His emphatically masculine homoerotic drawings have attained iconic status in their genre and had an influence on, for instance, pop culture and fashion. In his works, Tom of Finland utilized the self-irony and humor typical of subcultures.

During his career, Tom of Finland produced more than 3,500 drawings. The two drawings on the stamp sheet were selected by graphic artist Timo Berry, who designed the stamp, and Susanna Luoto, the Finnish representative of the foundation named after Tom of Finland operating in Los Angeles.

The stamps will debut in the fall. Unless you’re my mother or my nephew, click here to see the stamps. But if you are my mother or nephew, then please, do not click there.

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Chelsea Manning to serve as honorary grand marshal of San Francisco Pride Parade
Chelsea Manning, an imprisoned U.S. Army private charged in a massive leak of U.S. secrets to the WikiLeaks website, will serve as an honorary grand marshal in this year’s San Francisco Pride parade. Parade organizer Gary Virginia said Friday that Chelsea Manning — formerly known as Bradley Manning — was chosen to make amends for a controversy last year. Manning was named an honorary grand marshal ahead of the 2013 parade, but had the honor revoked. Virginia apologized, saying that decision was mishandled.

For more context:
Bradley Manning won’t get Pride honors [San Francisco Chronicle]
San Francisco gay pride rescinds honour for Bradley Manning [The Guardian]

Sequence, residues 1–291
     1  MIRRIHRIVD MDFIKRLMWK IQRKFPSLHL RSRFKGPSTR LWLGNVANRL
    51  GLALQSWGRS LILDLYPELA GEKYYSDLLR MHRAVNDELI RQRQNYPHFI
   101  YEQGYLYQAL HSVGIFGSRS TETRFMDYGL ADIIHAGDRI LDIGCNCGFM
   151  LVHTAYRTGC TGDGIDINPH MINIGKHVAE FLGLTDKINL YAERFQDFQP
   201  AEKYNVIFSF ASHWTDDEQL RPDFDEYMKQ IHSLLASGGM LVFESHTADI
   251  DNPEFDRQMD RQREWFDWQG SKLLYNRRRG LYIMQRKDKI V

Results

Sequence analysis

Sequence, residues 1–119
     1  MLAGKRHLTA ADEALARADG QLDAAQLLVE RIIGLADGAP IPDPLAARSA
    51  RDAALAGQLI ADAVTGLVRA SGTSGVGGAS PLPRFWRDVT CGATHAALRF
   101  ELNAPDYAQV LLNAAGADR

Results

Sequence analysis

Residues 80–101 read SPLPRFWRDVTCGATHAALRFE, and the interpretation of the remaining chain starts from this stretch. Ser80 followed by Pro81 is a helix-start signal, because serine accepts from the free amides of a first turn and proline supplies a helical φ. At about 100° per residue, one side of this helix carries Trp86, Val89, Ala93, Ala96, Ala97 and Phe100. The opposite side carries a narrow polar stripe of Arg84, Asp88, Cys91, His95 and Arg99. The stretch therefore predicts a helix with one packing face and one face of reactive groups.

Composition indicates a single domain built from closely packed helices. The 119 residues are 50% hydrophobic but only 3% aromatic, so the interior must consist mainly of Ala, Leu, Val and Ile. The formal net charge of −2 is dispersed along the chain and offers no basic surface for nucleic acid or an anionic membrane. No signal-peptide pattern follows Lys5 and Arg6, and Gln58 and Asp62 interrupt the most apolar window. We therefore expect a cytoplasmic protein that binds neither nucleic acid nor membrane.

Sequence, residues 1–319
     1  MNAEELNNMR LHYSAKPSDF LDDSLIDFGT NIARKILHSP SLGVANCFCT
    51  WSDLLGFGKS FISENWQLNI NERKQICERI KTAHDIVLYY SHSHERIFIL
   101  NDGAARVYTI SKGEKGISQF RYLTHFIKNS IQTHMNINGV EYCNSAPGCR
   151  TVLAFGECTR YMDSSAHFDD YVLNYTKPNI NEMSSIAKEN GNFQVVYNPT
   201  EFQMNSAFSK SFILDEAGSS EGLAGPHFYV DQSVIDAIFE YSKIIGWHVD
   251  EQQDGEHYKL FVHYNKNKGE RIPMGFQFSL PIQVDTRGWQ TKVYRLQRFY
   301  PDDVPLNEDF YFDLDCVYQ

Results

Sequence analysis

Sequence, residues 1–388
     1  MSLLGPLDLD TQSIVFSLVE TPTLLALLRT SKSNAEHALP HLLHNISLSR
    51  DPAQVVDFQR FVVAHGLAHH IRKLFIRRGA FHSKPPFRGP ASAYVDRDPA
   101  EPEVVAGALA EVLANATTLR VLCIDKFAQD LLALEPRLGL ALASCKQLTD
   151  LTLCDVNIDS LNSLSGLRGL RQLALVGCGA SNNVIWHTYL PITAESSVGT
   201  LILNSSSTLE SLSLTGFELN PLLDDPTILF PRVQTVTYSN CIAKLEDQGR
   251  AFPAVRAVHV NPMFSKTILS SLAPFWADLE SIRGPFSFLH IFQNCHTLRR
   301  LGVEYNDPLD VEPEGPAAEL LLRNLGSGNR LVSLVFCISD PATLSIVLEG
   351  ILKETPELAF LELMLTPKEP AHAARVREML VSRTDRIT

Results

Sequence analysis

Chelsea Manning parade retraction still creating tension on SF Pride board [San Francisco Examiner]

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Open letter to Pope Francis urges him to change church teaching on homosexuality
The head of a homeless shelter for LGBT youth published an open letter to Pope Francis in The New York Times Sunday, asking him to change the Catholic Church’s teaching on homosexuality.

I write to you as a Roman Catholic, a former Benedictine monk and as a gay man who has spent over 30 years serving the homeless, first as a member of the Catholic Worker Movement, and now as the founder and Executive Director of the Ali Forney Center, America’s largest center for homeless lesbian, gay, bisexual and transgender (LGBT) youth based in New York City.

I write on behalf of the homeless LGBT youths I serve. I ask you to take urgent action to protect them from the devastating consequences of religious rejection, which is the most common reason LGBT youths are driven from their homes. At the heart of the problem is that the church still teaches that homosexual conduct is a sin, and that being gay is disordered. I hope that if you understand how this teaching tears families apart and brings suffering to innocent youths, you will end this teaching and prevent your bishops from fighting against the acceptance of LGBT people as equal members of society.